Posts Tagged ‘Booderee National Park’

Hyams Beach, NSW

10 January 2010

Green Patch 9I visited Hyams Beach for a day in 1980 and all I remembered was white sand and wonderful swimming. Roo, Tash and I spent a week at Hyams Beach over New Year 2010 and memory had served me well. The area goes straight into my top ten kid friendly holiday destinations in Australia with a bullet and here’s why.

1. Swimming: it’s a no-brainer but beach holidays are all about the beach and Hyams Beach has something for everyone. At high tide the waves are great for body surfing and boogie-boarding, wave-jumping and swimming, though smaller children will need to be carried or have their hands held as the current can be strong. At low tide, the swell is gentle enough for smaller kids to manage jumping and paddling unassisted (supervised, naturally). Hyams Beach is not patrolled, populated without being crowded.

Other kid-friendly swimming places for youngsters are Moona Moona Creek between the towns of Huskisson and Vincentia, and Green Patch in Booderee National Park (see below). But we reckon Hyams is the best beach on Jervis Bay.

Rock pool 52. Rock-pools: Tash claimed one rock-pool at Hymas Beach as her ‘bath’. Another was large enough to serve as a paddling pool for a group of kids. The rock-pools are crawling with marine life – fish, crabs, starfish, anemones – waiting to be admired, scooped up into nets, or poked at with a stick. (What is it with boys and sticks? My brother reckons he never had a stick out of his hand until he took up smoking!). My best find was a small, brown octopus that Tash and I watched dart back and forth from under a rock.

Kids are best off wearing waterproof shoes on the rocks and in rock-pools on account of embedded oyster shells that cut like serrated knives.

Blues 33. Snorkeling: Roo spotted a fiddler ray (banjo shark) and a sand shark off the rocks at Hyams Beach. The rocky areas also host a variety of colourful fish – the local Aboriginal (Dhurga) word  for Jervis Bay is Booderee meaning ‘bay of plenty’ or ‘plenty of fish’. I went snorkeling in 1.5 metre water around the Bristol Point rocks at Green Patch and had a great time. There’s reputedly good diving in the area, too.

4. Sand: I’m averse to sand (which poleaxed any teen fantasies I had of being a surfie chick), but in the case of Hyams Beach I make an exception. The sand is famously white – apparently listed in the Guiness Book of Records as the world’s whitest – and provides a blank canvas for the most stunning shades of blue the sky and sea can produce. Plus it’s soft. Like walking on talcum powder.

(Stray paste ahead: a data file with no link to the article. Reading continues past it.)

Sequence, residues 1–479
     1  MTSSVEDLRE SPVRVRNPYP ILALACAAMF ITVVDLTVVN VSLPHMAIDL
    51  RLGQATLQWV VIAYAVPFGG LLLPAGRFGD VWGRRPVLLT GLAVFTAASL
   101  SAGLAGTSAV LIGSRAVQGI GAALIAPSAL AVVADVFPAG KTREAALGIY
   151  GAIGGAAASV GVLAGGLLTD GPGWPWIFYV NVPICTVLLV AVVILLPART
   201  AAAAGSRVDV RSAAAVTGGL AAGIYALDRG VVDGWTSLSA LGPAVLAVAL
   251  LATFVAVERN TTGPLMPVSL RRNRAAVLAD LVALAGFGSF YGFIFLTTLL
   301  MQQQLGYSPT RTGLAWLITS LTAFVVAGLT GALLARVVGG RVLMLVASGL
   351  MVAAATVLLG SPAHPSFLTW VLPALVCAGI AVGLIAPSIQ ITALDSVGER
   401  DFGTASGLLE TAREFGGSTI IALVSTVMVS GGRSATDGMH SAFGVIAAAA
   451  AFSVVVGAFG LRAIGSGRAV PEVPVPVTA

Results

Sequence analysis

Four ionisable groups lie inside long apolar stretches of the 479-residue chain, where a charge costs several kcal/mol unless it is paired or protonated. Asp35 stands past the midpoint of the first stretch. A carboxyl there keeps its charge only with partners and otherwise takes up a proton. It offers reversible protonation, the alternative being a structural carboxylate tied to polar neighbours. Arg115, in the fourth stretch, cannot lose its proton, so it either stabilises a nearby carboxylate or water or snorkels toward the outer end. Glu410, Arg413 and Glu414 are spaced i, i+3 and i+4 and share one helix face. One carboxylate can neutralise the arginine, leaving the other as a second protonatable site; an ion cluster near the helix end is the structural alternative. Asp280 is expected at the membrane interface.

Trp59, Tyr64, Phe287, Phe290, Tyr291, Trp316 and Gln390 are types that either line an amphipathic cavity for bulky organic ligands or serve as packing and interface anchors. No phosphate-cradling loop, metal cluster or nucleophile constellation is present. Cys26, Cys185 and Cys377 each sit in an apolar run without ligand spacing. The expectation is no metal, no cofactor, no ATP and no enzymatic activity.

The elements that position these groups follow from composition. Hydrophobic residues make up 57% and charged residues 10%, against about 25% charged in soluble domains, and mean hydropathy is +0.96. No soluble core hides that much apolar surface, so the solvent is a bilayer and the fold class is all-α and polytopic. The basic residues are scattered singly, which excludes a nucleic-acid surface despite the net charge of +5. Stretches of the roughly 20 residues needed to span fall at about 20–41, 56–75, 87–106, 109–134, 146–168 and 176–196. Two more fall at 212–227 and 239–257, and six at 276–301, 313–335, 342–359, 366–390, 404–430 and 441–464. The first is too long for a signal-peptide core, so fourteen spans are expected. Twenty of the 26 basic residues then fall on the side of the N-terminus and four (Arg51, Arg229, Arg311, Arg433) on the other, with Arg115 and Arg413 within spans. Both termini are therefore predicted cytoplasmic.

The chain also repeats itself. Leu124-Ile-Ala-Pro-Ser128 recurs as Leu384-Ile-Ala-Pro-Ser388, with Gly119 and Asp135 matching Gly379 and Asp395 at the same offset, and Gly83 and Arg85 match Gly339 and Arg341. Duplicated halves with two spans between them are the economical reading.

5. Dolphins: Jervis Bay’s resident pod of dolphins chose New Year’s Day to cruise by us on Hyams Beach – which I’m taking as a good omen. A Vincentia local told me she saw them every morning on her beach walks. Dolphin watching tours by boat can be arranged from Huskisson, but I reckon you’d have to be unlucky not to see them from the shore at least once in the course of a week.

Green Patch 46. Booderee National Park: Owned by the Wreck Bay Aboriginal Community and jointly managed with the Commonwealth Government, Booderee National Park is exquisite; we only scratched the surface in terms of its attractions. The park is home to abundant marine life, flora and fauna and the only Aboriginal owned Botanic Gardens in Australia. We enjoyed swimming and snorkeling at Green Patch beach inside the park, which Tash dubbed ‘the forest beach’ on account of the beautiful bush, studded with colourful parrots, that goes right up to the edge of the sand. There’s a kids’ school holiday program, too.

On the one day the weather was less than perfect, we enjoyed the mangrove boardwalk near the Lady Denman Maritime Museum in Huskisson, the highlight watching red-clawed crabs play hide-and-seek in the mud. We followed this with some rock pooling at Shark Net Bay, which was fun, although the number of shark egg purses (like this one) washed up on the beach was a bit of a worry.

Green Patch 3There’s an abundance of bird life in the Jervis Bay area, too. In our immediate neighbourhood we saw rainbow lorikeets, king parrots, yellow-tailed black cockatoos and kookaburras to name a few.

Hyams Beach is on the southwest arc of Jervis Bay, just north of Booderee National Park. It’s a two-day drive from Melbourne, around 2.5-3 hours from Sydney, 4.5-5 hours from Canberra. For accommodation options try Jervis Realty or Hyams Beach Real Estate.

We self-catered, apart from New Year’s Eve when we had dinner at the Vincentia Chinese Restaurant, which deserves an honourable mention for its tasty, reasonably priced food and excellent kid-friendly service.